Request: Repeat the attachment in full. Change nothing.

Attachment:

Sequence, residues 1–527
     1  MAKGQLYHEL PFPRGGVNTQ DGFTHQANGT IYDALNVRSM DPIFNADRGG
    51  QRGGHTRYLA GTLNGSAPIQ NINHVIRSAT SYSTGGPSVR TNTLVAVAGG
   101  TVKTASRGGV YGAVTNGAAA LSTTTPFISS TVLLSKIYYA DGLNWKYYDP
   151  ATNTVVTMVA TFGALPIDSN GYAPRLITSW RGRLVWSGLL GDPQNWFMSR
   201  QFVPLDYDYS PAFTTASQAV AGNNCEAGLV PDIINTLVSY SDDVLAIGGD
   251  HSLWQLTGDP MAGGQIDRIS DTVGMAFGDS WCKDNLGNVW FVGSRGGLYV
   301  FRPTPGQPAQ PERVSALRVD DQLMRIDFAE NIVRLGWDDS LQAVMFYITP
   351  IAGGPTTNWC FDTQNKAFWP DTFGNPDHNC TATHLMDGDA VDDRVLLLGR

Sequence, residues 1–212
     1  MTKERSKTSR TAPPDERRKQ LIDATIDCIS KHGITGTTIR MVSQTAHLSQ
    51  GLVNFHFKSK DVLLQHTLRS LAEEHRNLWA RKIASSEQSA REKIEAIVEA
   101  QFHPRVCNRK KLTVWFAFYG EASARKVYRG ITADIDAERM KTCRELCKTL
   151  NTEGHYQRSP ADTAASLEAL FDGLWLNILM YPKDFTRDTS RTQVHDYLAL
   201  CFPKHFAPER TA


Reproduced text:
Sequence, residues 1–527
     1  MAKGQLYHEL PFPRGGVNTQ DGFTHQANGT IYDALNVRSM DPIFNADRGG
    51  QRGGHTRYLA GTLNGSAPIQ NINHVIRSAT SYSTGGPSVR TNTLVAVAGG
   101  TVKTASRGGV YGAVTNGAAA LSTTTPFISS TVLLSKIYYA DGLNWKYYDP
   151  ATNTVVTMVA TFGALPIDSN GYAPRLITSW RGRLVWSGLL GDPQNWFMSR
   201  QFVPLDYDYS PAFTTASQAV AGNNCEAGLV PDIINTLVSY SDDVLAIGGD
   251  HSLWQLTGDP MAGGQIDRIS DTVGMAFGDS WCKDNLGNVW FVGSRGGLYV
   301  FRPTPGQPAQ PERVSALRVD DQLMRIDFAE NIVRLGWDDS LQAVMFYITP
   351  IAGGPTTNWC FDTQNKAFWP DTFGNPDHNC TATHLMDGDA VDDRVLLLGR

Sequence, residues 1–212
     1  MTKERSKTSR TAPPDERRKQ LIDATIDCIS KHGITGTTIR MVSQTAHLSQ
    51  GLVNFHFKSK DVLLQHTLRS LAEEHRNLWA RKIASSEQSA REKIEAIVEA
   101  QFHPRVCNRK KLTVWFAFYG EASARKVYRG ITADIDAERM KTCRELCKTL
   151  NTEGHYQRSP ADTAASLEAL FDGLWLNILM YPKDFTRDTS RTQVHDYLAL
   201  CFPKHFAPER TA